“Here on the farm we are all about sustainability and green thinking. This includes the use of natural methods to combat unwanted pests and disease, homemade compost, rainwaterharvesting and bees for pollination of our crops. From the start of the growing cycle, all our seedlings and herbs are planted in unwanted pots from a local gardening centre and used disposable coffee cups. We also upcycle fruit/ vegetable boxes and re-use crates from ReadyChef.”
Bees are important contributors to production on the farm, pollinating all the flowers and tomato plants.
Lynsay explains: “The bee comes along and bites the flowers to pollinate it. You’ll notice tiny little brown or orange marks on the flower, the bee has actually bitten it and has to bite it up to five times for it to actually fruit properly. This blew my mind, you can hear them loudly buzzing, they’re really going for it.That’s what their job is, that’s what they’re doing in there. I often find bees asleep in the courgette flowers because there’s just so much pollen, they’re drunk! We have had a few bee rescue missions – the tomatoes in picking boxes are so colourful that the bees confuse them for flowers…we’ve had to carefully lift out tomatoes to release bees that have been trapped.”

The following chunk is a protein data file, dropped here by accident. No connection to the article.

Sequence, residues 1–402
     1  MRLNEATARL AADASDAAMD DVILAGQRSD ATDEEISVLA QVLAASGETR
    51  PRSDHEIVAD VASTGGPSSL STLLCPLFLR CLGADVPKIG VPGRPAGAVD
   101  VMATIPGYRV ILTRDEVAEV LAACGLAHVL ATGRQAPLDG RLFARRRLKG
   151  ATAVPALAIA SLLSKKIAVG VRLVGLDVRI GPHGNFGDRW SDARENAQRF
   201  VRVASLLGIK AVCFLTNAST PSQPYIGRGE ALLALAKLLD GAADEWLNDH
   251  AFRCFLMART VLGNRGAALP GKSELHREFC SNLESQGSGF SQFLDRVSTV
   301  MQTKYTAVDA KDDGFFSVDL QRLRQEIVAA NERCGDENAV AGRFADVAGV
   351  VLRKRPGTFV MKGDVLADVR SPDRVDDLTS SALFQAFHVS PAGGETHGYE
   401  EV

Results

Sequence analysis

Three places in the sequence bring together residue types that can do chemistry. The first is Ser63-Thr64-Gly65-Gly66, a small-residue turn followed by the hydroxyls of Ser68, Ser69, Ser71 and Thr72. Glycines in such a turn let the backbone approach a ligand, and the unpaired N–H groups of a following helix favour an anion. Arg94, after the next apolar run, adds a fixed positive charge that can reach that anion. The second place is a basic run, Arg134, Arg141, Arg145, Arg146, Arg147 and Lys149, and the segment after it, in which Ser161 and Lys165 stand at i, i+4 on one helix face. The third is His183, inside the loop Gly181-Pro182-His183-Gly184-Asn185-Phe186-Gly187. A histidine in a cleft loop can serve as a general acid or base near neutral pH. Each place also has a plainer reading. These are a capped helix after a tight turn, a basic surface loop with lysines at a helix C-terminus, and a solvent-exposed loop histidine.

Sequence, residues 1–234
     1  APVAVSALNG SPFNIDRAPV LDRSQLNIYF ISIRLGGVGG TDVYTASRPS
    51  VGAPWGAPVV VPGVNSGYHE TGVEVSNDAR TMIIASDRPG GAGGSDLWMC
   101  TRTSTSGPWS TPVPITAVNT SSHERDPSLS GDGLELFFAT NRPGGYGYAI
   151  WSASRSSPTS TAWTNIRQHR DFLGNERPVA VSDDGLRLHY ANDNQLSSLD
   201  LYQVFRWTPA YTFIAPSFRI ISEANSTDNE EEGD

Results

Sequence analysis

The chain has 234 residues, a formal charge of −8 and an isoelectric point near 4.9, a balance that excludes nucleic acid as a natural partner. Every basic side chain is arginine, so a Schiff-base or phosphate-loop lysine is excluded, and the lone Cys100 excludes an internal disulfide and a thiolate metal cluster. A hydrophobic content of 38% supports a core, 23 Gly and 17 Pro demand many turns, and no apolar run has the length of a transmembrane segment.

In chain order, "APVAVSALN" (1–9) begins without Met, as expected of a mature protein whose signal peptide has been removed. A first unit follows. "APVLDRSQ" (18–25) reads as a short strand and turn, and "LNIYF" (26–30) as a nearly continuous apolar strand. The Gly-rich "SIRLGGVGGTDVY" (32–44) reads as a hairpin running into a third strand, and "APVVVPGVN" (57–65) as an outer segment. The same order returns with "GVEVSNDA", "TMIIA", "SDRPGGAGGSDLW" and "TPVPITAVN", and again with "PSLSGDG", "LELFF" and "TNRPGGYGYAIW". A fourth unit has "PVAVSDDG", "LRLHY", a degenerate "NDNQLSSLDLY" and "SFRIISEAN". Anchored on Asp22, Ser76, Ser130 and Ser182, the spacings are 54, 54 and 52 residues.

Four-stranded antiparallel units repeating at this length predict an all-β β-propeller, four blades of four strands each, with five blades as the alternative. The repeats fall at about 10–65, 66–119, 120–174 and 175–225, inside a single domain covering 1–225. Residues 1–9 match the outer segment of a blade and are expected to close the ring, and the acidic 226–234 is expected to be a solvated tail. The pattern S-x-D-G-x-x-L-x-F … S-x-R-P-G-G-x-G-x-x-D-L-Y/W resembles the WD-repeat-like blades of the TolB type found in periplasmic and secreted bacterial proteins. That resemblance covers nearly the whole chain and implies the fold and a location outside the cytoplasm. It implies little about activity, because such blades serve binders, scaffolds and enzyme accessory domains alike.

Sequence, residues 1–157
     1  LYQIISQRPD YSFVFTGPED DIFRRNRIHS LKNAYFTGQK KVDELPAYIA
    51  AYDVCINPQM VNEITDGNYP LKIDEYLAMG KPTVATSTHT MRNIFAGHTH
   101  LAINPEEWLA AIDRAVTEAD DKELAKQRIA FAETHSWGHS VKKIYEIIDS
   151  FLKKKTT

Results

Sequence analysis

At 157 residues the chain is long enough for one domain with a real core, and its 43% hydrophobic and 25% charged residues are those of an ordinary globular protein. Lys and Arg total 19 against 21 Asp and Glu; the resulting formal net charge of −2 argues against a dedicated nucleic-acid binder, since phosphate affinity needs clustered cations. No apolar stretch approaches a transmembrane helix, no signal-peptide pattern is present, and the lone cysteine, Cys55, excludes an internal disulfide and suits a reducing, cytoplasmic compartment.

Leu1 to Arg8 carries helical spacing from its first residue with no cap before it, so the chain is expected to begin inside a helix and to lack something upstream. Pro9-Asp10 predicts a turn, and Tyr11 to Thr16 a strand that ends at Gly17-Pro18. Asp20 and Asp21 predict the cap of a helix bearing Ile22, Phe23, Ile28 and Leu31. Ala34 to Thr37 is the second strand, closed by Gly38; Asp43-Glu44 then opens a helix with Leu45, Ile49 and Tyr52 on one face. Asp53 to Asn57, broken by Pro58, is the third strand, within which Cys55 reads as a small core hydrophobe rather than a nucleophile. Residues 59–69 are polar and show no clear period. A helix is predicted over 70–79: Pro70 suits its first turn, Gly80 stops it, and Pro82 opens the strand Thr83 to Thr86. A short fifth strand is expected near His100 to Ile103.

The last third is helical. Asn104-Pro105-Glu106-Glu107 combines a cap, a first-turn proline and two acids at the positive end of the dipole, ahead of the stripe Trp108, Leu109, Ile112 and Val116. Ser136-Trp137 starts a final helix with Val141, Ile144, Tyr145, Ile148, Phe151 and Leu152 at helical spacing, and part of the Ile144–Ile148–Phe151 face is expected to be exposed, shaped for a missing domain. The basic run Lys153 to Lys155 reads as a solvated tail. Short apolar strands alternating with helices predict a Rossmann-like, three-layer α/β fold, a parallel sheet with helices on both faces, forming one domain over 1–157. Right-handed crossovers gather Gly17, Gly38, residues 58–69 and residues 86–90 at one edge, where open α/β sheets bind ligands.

Ross Hazel Farm is pesticide-free, employing biological control, using microscopically small insects which significantly reduce the threat from common agricultural pests such as aphids and or spidermite.
Lynsay and the Ross Hazel team also harvest rainwater and make their own compost using materials provided by Compass Group, “I’ve got ground coffee beans, egg shells from one of their units, I’ve had cauliflower leaves and random different bits and I’ve put that into the compost.” They then combine these ingredients with manure, chicken pellets and fish bones which is then mixed together with some peat “and basically we have rocket fuel in the crates, and we can see the results in the tunnel there”.
Chris Chidley, Compass Group Ireland MD says: “Our partnership with Ross Hazel Farms is very much a collaboration. Our ask of Lynsay is to plant crops that are unique, interesting and which grow well in the sustainable environmentally friendly methods she uses. She has yet to back down from that challenge and has welcomed the opportunity to work with our chefs and to grow varieties of vegetables not typically found on supermarket shelves.
Ross Hazel is an example of how commercial production and caring for the land can go together. Sourcing produce from Lynsay’s farm rather than importing, reduces our carbon footprint, supports Irish farmers and allows us to bring lots of new food ideas to our customers. The hard-work, innovative thinking and creative farming flair demonstrated on Ross Hazel Farm’s makes them an ideal partner for Compass Group Ireland. Together, we are confident of leading change across the industry in a shift toward environmentally conscious farming methods which are fit for the 21st century.”
Meanwhile the next-generation of Ross Hazel farmers are already hard at work. “My youngest is going to be seven next week and loves to be helping out. At the moment, he’s the perfect height for picking cherry tomatoes!”